Getting up in the morning, I noticed the roof of the car was left open.  Opening the door and sitting down to start the car to close the roof really scared the dickens out of the squirrel sitting in my backseat enjoying a delicious organic d’anjou pear.  He scrambled up over the head rest and out the way he came in, scaring the dickens out of me!

All I had left of the encounter were some footprints on my car and chewed pear bits and hunks.  The attack occurred on the poor pears, it could have been worse….

Stub Stewart State Park

Back in Oregon and spending some time relaxing at Stub Stewart.
Stub Stewart State Park is Oregonians’ newest backyard playground. Opened in 2007, the 1,650 acre park is the first full-fledged state park to be built since 1972.
15 miles of trails wind through the park, the park is known for its miles of dedicated horse trails. Home to one of the best horse camps in the northwest.

We are moving from Stub Stewart to the Tualatin River this week. Keep tuned for details.


On the Road Again

I love to drive.  The rhythm of the tires on the road, changing vistas and the sound of the wind with the windows down.

Driving across America on I-90 takes you through Ohio toward Chicago.  I stopped about an hour east of Chicago in Indiana Dunes National Lakeshore and tented at the State Park, a bargain at $17.50 per night.  The park was beautiful and clean and just a stones throw from the sand dunes created by Lake Michigan.

Indiana Dunes has several beautiful hikes that overlook Lake Michigan and the sand dunes.  Trail 10 is rated one of the best hikes in America.  Unfortunately, I twisted my ankle on an apple, go figure, before I left and had to settle for the 2 mile trail.  The trails are sand so wear appropriate footwear if you decide to try the hikes.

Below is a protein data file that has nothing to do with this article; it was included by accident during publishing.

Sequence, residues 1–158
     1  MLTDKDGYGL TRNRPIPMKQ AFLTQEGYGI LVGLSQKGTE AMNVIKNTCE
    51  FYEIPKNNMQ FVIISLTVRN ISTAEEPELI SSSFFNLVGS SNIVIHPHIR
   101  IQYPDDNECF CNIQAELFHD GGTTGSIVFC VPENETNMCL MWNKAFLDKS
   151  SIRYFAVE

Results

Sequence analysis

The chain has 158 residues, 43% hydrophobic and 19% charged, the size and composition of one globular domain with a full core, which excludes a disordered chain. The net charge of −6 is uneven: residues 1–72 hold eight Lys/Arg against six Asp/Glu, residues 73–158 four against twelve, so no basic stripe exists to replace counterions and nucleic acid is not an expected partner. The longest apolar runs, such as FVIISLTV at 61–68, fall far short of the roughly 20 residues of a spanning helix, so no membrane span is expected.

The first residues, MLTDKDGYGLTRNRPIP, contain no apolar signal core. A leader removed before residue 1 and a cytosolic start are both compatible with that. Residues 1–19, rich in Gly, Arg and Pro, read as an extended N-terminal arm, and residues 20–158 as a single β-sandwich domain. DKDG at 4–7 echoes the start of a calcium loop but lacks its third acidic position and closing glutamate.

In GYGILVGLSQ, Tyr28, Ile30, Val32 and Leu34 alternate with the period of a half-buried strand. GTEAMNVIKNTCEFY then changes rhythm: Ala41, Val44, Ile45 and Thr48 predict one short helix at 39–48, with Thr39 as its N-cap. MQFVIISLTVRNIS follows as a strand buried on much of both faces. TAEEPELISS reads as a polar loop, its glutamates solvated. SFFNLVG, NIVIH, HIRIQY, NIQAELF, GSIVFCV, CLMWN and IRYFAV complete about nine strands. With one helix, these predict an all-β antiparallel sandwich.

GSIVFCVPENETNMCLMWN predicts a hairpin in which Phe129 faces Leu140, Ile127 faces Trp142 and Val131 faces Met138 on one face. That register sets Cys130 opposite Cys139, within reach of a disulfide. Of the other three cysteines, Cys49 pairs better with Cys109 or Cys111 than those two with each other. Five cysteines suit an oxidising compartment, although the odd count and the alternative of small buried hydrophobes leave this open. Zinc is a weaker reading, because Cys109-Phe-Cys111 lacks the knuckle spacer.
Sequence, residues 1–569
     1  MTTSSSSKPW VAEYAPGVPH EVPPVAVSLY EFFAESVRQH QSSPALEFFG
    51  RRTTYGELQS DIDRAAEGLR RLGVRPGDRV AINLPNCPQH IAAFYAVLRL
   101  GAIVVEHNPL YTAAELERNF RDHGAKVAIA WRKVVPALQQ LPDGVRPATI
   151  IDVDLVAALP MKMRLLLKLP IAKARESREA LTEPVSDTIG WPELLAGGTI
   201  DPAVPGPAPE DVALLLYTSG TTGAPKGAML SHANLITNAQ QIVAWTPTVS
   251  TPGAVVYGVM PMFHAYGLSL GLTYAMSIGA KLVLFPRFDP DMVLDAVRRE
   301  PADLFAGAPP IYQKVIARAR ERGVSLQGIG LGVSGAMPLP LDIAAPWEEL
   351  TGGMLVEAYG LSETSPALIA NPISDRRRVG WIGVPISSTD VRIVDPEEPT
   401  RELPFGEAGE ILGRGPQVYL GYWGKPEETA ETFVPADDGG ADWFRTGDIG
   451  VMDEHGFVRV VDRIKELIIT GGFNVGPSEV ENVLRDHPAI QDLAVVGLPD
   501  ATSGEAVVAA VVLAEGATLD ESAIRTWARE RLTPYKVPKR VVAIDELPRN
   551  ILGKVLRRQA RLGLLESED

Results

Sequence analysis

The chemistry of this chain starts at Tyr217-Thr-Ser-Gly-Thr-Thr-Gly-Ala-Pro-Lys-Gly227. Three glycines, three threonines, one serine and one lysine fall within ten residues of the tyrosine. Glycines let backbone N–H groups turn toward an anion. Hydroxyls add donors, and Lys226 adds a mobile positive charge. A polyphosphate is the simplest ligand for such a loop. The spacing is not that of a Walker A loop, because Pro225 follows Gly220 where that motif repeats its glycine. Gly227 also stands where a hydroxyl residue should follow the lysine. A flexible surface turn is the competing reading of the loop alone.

There is a beautiful beach along Lake Michigan.  Edgar was not welcome on the beach.





San Diego is Dog Friendly

Edgar and I traveled down to San Diego after watching my niece graduate from Scripps – way to go Victoria!

We made our way to Ocean Beach, one of several dog friendly beaches in San Diego.  We met Wilson.  Wilson is a giant, 190 lb., Dane/Mastiff who is a therapy dog and a Canine Good Citizen.  Edgar, only about the size of his head, loved him.

Edgar was also allowed to walk with me in Old Town San Diego and the Westfield Shopping Center in Downtown San Diego had a doggie drop off area.

Edgar gives San Diego two thumbs up!


Action Whitewater Adventures

To say I had fun would be an understatement, but let’s start at the beginning.  Since I have limited access to e-mail and none to phone, I did not get the 4 extra e-mails sent to me by Chris, the owner of AWA.  I happily showed up at the original meeting time and place.  I got to observe as Chris and his crew were readying supplies for our trip down the American River.

We were the first run of the season and it takes a lot of gear and preparation to get 14 people down to the river, loaded onto rafts with all proper safety and rafting equipment.  We each wore a wet suit, a splash jacket, life jacket and  helmet.  AWA was also moving into its new home on Route 49 just North of Marshall Gold Discovery Park.

I followed Chris to the new location and met my fellow rafters and our guides.

We got a lesson in paddling and commands from Josh and were loaded into rafts.  Josh and nine guests in one raft and me and 3 guides in the other 🙂  The river was running cold, high, and fast. Our raft was responsible for the safety of the guests in the other raft and to give the crew a shakedown on the river.